Isla Holbox Mexico
On my first trip to Mexico

But that’s where I’m at at the moment. Reckless decisions and a whole lot of self-indulgent wallowing. It’s not been the best year! But since it really is ok not to be ok, I thought I should just yell into the void of the internet that I’m not completely ok.

Speaking of the internet – that probably feeds my need to be positive all the time. I mean, it mostly comes from being British, and reserved, and scared of being vulnerable, and my parents’ daughter… but the online world definitely doesn’t help. Everything on social media can seem so perfect, and it’s a horrible feeling like the only person in the world having a bad day. Maybe I’m part of the problem, only posting the “nice” photos on social media, mostly sticking to the good stories because I prefer to remember the good over the bad. So here’s a post about the bad. A lot of this year has sucked for me! Not all of it, but life’s a spectrum, right? There are ups and downs. Right now the downs are winning, but that won’t be forever.

I can’t let myself wallow anymore, so here’s me opening up about how things are a bit shit right now, in the hopes that I can stop internalising everything and start making things a bit less shit.

Starting with running away to Mexico.

6 thoughts on “Where Have I Been? (Life Update)”

  1. I’m a travelholic. I have learnt that if I don’t have trips booked I feel depressed and trapped. It’s not just being away though: the planning, the research, the anticipation of a trip are just as fun. If you need the trip to Mexico to provide you with equilibrium and to show you that you can still travel on your meds etc, then that’s not a rash decision. You’ve picked a familiar destination, a safe choice. As long as you have decent travel insurance (and have declared your diagnosis to your insurers) and take the usual sensible precautions to avoid picking up some tropical lurgy just like normal, all you are doing is effectively going to work, just like every other poor sod. That’s not rash or irresponsible, just practical.

    You may find that you have to make some adjustments to the way you travel to cope with the effects of your meds. It will be trial and error. Adjustments and compromise don’t make you a failure. They just make you pragmatic. Evolving requires adapting. If you have to slow down for a bit after your op, it doesn’t mean you can’t plan future trips. Use the planning as a surrogate for the actual travelling. Revel in the detail.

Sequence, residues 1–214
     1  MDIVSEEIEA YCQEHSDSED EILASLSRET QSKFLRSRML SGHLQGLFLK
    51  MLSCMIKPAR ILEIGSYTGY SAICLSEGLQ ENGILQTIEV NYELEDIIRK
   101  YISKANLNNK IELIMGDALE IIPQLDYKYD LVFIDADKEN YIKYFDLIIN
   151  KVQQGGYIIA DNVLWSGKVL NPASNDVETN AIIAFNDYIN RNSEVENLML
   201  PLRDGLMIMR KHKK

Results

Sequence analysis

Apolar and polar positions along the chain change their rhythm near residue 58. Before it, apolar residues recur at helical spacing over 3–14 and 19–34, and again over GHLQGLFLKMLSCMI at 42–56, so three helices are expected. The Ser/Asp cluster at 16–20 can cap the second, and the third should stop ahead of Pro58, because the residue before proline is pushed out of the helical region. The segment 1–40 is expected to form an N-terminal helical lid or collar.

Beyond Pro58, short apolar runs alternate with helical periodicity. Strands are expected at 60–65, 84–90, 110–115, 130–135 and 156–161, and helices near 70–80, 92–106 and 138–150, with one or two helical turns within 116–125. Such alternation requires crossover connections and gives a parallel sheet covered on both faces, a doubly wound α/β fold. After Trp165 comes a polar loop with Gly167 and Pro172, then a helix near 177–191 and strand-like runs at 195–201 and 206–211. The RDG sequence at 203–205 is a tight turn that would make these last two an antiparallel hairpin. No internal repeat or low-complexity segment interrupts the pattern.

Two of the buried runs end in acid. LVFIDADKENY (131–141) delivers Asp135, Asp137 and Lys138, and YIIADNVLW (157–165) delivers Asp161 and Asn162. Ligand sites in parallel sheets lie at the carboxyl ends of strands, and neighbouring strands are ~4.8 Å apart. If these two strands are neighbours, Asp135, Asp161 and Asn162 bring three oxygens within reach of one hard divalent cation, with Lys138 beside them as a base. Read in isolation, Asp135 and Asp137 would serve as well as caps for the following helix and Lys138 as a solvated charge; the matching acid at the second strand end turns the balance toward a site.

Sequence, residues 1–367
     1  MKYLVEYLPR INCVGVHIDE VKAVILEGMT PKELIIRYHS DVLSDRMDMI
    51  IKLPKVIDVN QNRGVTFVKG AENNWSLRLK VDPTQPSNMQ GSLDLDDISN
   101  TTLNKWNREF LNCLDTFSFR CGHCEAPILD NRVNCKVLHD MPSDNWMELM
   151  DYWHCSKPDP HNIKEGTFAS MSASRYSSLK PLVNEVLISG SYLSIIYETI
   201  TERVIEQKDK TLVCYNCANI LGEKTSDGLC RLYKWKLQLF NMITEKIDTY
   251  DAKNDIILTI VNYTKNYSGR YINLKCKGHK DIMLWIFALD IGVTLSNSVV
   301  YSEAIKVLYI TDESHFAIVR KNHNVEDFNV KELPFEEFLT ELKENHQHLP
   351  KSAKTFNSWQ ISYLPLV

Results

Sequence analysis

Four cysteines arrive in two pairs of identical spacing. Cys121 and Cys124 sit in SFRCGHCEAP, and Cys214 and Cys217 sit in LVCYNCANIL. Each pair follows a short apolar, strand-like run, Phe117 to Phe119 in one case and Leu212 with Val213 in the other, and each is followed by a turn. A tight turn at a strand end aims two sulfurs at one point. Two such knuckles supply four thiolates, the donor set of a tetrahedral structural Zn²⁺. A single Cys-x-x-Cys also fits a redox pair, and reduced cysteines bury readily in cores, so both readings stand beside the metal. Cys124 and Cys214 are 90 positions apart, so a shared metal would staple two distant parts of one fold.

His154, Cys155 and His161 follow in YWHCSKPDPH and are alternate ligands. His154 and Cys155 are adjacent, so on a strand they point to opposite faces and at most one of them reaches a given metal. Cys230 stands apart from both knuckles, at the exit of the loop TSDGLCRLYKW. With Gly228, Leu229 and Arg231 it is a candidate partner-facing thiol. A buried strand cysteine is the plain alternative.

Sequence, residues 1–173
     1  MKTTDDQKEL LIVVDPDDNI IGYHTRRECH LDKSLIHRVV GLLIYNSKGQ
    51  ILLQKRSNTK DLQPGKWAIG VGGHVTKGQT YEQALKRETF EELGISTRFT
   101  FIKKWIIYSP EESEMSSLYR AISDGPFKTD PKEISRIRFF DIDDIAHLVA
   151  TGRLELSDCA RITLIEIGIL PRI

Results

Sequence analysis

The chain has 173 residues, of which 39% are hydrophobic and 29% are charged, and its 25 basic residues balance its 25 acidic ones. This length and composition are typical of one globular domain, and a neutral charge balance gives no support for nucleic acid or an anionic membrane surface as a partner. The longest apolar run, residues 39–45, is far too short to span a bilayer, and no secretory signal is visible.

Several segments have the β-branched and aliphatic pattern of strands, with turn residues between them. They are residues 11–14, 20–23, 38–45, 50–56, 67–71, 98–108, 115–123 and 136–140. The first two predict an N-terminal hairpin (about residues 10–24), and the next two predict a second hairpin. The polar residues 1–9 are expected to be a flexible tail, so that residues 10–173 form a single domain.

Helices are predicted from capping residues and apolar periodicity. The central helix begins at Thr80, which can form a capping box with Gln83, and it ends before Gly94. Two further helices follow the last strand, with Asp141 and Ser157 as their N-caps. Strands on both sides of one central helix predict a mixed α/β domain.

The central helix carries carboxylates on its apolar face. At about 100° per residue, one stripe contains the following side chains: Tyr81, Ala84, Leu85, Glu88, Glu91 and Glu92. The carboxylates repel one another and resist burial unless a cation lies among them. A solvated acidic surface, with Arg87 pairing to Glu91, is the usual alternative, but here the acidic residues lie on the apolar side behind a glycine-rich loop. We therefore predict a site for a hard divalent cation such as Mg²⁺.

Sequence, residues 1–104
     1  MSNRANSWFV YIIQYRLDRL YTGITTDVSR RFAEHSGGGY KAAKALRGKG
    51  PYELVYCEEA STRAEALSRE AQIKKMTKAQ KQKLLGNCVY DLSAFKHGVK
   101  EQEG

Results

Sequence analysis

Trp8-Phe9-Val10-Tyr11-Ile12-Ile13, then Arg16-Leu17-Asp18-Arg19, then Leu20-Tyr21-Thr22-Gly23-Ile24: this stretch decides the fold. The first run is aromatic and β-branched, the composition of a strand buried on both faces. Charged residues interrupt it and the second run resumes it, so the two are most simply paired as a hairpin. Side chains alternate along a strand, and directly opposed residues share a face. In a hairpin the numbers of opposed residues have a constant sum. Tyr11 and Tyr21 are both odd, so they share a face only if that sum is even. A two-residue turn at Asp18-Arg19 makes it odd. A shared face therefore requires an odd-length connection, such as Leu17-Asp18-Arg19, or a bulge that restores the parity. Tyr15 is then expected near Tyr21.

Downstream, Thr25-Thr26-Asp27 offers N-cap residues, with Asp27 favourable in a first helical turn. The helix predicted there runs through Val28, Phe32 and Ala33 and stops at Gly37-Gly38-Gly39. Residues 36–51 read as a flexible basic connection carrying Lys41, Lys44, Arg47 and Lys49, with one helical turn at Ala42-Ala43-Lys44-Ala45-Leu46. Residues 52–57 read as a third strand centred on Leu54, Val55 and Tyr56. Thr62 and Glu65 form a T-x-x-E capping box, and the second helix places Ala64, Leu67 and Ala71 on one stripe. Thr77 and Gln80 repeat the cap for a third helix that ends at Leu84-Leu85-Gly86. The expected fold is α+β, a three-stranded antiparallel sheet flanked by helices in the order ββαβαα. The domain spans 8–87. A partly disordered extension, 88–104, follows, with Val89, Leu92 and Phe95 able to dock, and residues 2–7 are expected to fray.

Also, be clear that your need to travel doesn’t prevent you having a relationship or “settling down”. They aren’t mutually exclusive. Lots of people travel a lot as part of their work yet maintain relationships and homelife. Don’t use your travel as an excuse if it is what you want. Conversely, if it’s not what you want, don’t feel the need to conform to societal expectations. Just be honest to yourself about your choices.

    Enjoy Mexico. I had a trip booked 22 years ago which I had to cancel because a job offer came up and I’ve still never been. Still on the list though…

    1. Thank you so much for such a lovely, thoughtful comment :) It’s definitely ALL about the planning and anticipation – not having anything booked at all, or even knowing if I could/should book something, was killing me. But you’re right. I rang my insurance as soon as I’d spoken the specialist, as I was waiting until I had some more detail. Had to pay a premium but at least I’m all covered if anything goes wrong. And I added people I trust to speak on my behalf if I need them to. So I think I’ve done everything right, and Mexico is somewhere I’ve been twice before and know very well, so it does feel safe.

      And when I get back, hopefully I’ll have a date for my surgery and will know exactly when I’ll be able to start travelling more again. Then I can start saving and planning. I have an idea for January so I’m really hoping the surgery is all over and done with this year!